The term "alternative energy" can be confusing. With a number of words and phrases tossed about to mean many of the same things, it can be difficult to differentiate between definitions for renewable or green energy, sustainability, alternative energy and similar terms.
One of the ways to understand what is meant by the term alternative energy is to think in terms of the various types of energy production. As much as we talk about renewable or green energy, the fact is that most energy used around the world today is still derived from fossil fuels. These can take a number of forms, be it coal, natural gas or oil. One way that alternative energy can be defined is to state that the term refers only to energy that is derived from a source other than alternative fuels. This definition, however, is somewhat limiting in that it would not include vehicles field by natural gas.Defining Alternative
This has led to a broader definition in which alternative energy is being used as a term to describe energy sources other than petroleum based. This broader definition allows for inclusion of natural gas fueled vehicles and also eliminates debate over whether electric cars should be considered alternative energy vehicles.
Regardless of whether a very specific definition or a broader one is used, most think of alternative energy as a term used to describe energy--whether from fossil fuels or not--as those that are greener that traditional petroleum-based fuels. But is this true? That's a question that continues to be raised as the alternative energy portfolio has continued to grow.Renewable Versus Alternative Energy
If alternative energy is defined strictly as a renewable energy, it follows that it is also a non-polluting source with minimal environmental impact. However, alternative energy sources can raise environmental problems as well. In addition, the process for making use of alternative fuels can have environmental impact that falls along a broad impact spectrum. A simple example is wood. Certainly by any definition, wood is thought of as a renewable and alternative energy source. However, burning wood causes pollution if it is not done properly. Therefore, wood itself remains a green energy source, but the process for converting wood to energy may not necessarily be green.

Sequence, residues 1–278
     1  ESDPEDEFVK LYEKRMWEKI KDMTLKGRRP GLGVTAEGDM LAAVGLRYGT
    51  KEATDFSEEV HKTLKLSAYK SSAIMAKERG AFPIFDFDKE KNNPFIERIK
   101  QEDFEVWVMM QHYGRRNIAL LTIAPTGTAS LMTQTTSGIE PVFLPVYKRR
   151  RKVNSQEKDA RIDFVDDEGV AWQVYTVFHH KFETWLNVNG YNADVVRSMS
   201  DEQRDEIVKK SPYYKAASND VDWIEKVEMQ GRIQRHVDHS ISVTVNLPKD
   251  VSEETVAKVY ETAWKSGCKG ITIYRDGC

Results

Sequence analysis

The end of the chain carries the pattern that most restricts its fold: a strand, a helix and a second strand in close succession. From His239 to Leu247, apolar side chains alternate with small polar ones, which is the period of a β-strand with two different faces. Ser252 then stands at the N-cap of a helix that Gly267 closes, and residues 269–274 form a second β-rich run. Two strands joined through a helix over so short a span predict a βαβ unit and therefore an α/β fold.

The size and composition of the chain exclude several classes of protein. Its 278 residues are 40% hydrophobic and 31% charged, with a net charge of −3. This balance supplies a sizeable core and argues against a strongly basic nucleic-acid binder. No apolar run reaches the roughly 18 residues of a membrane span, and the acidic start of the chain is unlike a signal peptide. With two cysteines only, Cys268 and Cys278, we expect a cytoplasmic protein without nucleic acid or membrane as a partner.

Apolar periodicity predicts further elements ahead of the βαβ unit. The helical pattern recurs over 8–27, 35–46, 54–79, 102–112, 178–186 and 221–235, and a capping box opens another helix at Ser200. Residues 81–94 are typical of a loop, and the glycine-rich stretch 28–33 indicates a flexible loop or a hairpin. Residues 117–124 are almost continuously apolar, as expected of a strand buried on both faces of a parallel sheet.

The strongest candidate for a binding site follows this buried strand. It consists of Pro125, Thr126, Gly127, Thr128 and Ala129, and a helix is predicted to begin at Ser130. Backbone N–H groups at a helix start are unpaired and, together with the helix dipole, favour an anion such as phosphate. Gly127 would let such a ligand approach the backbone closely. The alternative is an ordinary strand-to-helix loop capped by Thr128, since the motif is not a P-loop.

Another example is natural gas, which is also commonly considered as an alternative fuel. In defining natural gas as an alternative energy, we are unable to make the leap that if it is alternative, it must also be renewable. This has become a bit of a stumbling block at times as natural gas proponents can sometimes talk as though natural gas were renewable, which leads to some confusion over the whole alternative and renewable definitions again.
Another way to think of renewable energy is in terms of an energy source that is derived from the sun, whether directly or indirectly. By this definition, An obvious example of renewable energy, or energy derived from the sun, is sunlight itself, in the form of solar energy, which is used for lighting and heating commercial and residential buildings, as well as for generating energy to be used for a number of tasks, such as heating water or solar cooling. Those solar panels, for example, once unique, have now started popping up with more regularity.
But the sun has an indirect affect on renewable energy as well. For example, many people understand wind energy, but it is actually the sun's heat that drives the wind and then wind energy that is then captured with wind turbines.
Taken a step further, the winds and the heat from the sun will cause water to evaporate. This water vapor can then turns into rain or snow. As it accumulate and flows downhill into rivers or streams, its energy can be harnessed again, this time in terms of hydroelectric power.
Want another example? Along with the rain and snow, sunlight is necessary for plants to grow. Those plants are made out of organic matter, which is also known as biomass. There is a great deal of renewable energy development targeted toward biomass which can be used to make electricity, vehicle fuels, or even chemicals. The use of biomass for any of these purposes is called bioenergy.